One of the first lessons in life that we learned is to say thank you. When we receive candy, our parents would always remind us, “What will you say?” We get a toy for our birthday, our parent would always remind us, “What will you say?” In school, we were taught to say, “Goodbye and Thank you,” to our teacher.
Sadly, as we grew older, we forget to say thank you: We have someone who serves us food in a restaurant, we take it for granted that it is his job to serve us; We have a teacher who sacrifices a lot, we take it for granted that it is her job to teach us; We receive so much from our parents, we take it for granted that it is their obligation to provide for us.
My dear friends, the first reading shows us Naaman being grateful for his healing. In the second reading, St. Paul reminds us to be grateful to God for giving his only Son. In the Gospel, sadly of the ten who were healed, only one said thank you.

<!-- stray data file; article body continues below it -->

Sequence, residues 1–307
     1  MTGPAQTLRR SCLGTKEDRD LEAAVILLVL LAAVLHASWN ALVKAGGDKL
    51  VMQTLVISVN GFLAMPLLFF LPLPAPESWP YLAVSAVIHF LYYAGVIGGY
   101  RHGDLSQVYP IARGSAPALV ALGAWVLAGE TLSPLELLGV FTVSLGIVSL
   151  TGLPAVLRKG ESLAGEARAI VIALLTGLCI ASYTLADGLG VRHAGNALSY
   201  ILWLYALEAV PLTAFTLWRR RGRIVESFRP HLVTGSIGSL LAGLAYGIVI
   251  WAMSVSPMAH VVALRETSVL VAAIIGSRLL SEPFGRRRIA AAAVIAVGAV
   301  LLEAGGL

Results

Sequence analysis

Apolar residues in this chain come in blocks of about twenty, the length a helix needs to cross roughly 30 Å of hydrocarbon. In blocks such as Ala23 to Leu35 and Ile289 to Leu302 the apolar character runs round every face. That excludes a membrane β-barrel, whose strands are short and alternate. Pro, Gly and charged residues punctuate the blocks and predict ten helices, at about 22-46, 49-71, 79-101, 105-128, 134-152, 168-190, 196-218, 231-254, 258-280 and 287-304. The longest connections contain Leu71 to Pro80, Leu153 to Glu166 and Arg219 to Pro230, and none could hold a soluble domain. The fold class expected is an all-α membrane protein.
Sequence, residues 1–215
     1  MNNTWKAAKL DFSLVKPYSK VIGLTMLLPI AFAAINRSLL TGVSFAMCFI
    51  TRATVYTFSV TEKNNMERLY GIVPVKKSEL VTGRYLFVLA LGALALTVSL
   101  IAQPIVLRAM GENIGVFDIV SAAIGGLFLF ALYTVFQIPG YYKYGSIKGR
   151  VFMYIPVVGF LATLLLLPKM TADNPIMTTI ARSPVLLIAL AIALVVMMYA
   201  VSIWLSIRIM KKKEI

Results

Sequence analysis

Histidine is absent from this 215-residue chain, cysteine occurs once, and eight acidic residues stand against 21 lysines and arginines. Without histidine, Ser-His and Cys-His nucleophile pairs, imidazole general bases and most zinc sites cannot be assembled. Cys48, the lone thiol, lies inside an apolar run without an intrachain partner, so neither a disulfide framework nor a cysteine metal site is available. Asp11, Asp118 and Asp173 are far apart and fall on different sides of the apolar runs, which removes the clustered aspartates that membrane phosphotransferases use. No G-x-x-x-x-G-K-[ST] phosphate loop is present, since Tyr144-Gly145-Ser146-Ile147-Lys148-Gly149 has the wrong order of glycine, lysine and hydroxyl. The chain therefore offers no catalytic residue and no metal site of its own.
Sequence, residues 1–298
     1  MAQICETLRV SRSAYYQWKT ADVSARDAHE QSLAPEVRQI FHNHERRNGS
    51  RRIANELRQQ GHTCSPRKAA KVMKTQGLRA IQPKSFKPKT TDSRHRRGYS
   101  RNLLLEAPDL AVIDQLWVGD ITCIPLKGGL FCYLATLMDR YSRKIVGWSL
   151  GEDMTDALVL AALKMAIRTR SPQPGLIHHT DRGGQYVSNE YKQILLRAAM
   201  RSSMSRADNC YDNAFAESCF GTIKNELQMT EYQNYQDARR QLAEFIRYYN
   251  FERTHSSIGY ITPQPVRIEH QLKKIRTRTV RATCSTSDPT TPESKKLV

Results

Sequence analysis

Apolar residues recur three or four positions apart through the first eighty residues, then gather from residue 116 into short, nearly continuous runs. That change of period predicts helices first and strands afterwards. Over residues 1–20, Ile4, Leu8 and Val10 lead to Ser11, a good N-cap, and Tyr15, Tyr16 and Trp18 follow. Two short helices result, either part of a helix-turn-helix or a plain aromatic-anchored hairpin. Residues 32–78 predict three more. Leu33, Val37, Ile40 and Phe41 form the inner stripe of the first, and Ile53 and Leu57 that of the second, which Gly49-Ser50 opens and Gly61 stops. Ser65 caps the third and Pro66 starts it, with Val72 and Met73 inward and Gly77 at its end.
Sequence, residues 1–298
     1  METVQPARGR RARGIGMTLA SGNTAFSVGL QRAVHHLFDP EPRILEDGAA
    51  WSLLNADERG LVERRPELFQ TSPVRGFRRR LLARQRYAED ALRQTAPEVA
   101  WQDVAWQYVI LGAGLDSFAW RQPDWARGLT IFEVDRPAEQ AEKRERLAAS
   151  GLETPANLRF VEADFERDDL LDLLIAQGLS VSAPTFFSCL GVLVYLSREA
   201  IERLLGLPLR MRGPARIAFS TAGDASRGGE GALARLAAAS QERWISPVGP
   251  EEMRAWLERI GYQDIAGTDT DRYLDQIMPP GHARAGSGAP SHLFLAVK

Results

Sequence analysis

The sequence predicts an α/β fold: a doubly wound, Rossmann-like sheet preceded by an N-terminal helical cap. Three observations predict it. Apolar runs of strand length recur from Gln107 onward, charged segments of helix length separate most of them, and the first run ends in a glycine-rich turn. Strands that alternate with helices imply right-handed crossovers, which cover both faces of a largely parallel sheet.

Hence, this is something worth reflecting about gratitude and three points:
- All is Grace. Let us remember that all we have is a blessing. We may say that we inherited this or we work hard for this, but it is still a blessing. Bottom line, we came into this world with nothing and we are leaving this world with nothing. So whatever we have is only lent to us. Also, talking about blessing, we must remember that there is a time to hold on and a time to let go.
- Count your blessings. One reason that we forget to thank others is that we count other people’s blessings. When we do this, we get lonely. Also, envy sinks in. Eventually, we forget to appreciate what God has given us until we lose it. Only then do we regret not being grateful.
- Be Grateful even in the Storms of Life. This may be hard but very, very helpful. When we experience tragedy, we even blame God, “Why me?” We must remember that God is good and everything happens for a reason and purpose. When experiencing the typhoons of life just be hopeful and persevere. God’s promise, “I will never leave you nor abandon you.”
That is why in this Mass we pray for a grateful heart. Whether in plenty or simplicity, grateful people are always happy people.